Ju Wenjun scores clutch win, defends World Championship title

by Carlos Alberto Colodro
7/22/2023 – Ju Wenjun won the twelfth and final classical game of her match against Lei Tingjie to successfully defend the Women’s World Championship title. This is Ju’s fourth victory in a fight for the biggest title in women’s chess. The 32-year-old from Shanghai grabbed the women’s crown for the first time in 2018 and is set to continue her reign for at least one more year. | Photos: Stev Bonhage / FIDE

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Four world-title victories

Two Chinese players have recorded the biggest successes in Women’s World Championship cycles since the turn of the century: Hou Yifan and Ju Wenjun.

With her 6½-5½ victory over Lei Tingjie, Ju has triumphed in battles for the title no fewer than four times, much like Hou, who collected her four triumphs between 2010 and 2016. Despite having given up classical chess almost completely, Hou is still the highest-rated woman player in the world, but her leaving the Women’s World Championship cycle allowed for a new queen to ascend.

Ju is, in fact, the second-highest rated woman player in the world, as her 2568 live rating is a notch above that of Aleksandra Goryachkina, Humpy Koneru, Kateryna Lagno and her last challenger, Lei Tingjie — all formidable players who have failed to outperform the 32-year-old from Shanghai.

The fact that Ju has already beat Tan Zhongyi, Goryachkina and now Lei speaks volumes about her ability to deal with high-pressure situations. The one time she won the title in a knockout tournament, back in 2018, she was trailing Lagno by a point going into the final classical game of their match — Ju won the game on demand and went on to outscore her opponent in playoffs. In 2020, she also beat Goryachkina in rapid tiebreakers, right after the Russian star had herself won game 12 on demand.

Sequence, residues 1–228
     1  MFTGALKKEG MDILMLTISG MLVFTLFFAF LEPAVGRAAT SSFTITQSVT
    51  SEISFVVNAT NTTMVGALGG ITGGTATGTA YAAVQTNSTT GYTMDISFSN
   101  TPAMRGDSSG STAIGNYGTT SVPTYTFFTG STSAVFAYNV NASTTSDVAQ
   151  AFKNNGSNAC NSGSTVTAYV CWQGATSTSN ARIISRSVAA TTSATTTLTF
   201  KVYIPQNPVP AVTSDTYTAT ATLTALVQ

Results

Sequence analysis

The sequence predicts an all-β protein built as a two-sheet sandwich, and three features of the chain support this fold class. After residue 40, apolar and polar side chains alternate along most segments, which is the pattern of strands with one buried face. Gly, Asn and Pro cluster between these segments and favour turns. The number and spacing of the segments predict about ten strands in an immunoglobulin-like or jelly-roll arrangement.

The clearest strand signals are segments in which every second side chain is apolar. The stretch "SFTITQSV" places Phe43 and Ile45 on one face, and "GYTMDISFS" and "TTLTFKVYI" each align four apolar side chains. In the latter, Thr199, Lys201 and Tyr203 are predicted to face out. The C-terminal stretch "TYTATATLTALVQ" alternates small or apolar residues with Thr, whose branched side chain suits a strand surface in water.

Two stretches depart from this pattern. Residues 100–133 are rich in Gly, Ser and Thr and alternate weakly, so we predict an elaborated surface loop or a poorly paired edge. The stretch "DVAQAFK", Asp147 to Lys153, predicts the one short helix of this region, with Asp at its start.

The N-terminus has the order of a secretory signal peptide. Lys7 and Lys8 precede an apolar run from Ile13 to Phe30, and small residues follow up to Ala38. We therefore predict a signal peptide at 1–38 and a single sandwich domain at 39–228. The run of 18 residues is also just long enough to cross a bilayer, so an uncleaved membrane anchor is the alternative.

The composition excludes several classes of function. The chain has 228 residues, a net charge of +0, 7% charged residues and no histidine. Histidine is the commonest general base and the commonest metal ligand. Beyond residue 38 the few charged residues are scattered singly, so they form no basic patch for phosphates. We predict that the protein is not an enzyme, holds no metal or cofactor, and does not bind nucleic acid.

Now, in the all-Chinese confrontation against Lei, we got to see another match going down to the wire, with an exciting final classical game tipping the balance in the defending champion’s favour. Talk about entertainment value at the very highest level!

Lei Tingjie

Lei Tingjie proved to be a remarkable challenger | Photo: Stev Bonhage

Clutch win

Game 12 was by no means a boring affair. Instead of signing a quick draw and taking the match to rapid playoffs (where the fact that there are more games lessens the damage provoked by single mistakes), the Chinese duo entered a double-edged opening variation.

With connected passers on the queenside for White, and Black having a strong pawn centre and the more solid structure, it seemed increasingly likely that the game would end decisively. Ju’s decision to get two minor pieces for a rook and a pawn (one of the dangerous passers) further sharpened the position.

The queens were already off the board when Lei erred strategically with 22...e5. From that point on, Ju showed her class and went on to get the 62-move win that allowed her to keep the women’s world champion crown!

Women's World Chess Championship 2023

Ju Wenjun took home this beautiful trophy | Photo: Stev Bonhage

All games


Carlos Colodro is a Hispanic Philologist from Bolivia. He works as a freelance translator and writer since 2012. A lot of his work is done in chess-related texts, as the game is one of his biggest interests, along with literature and music.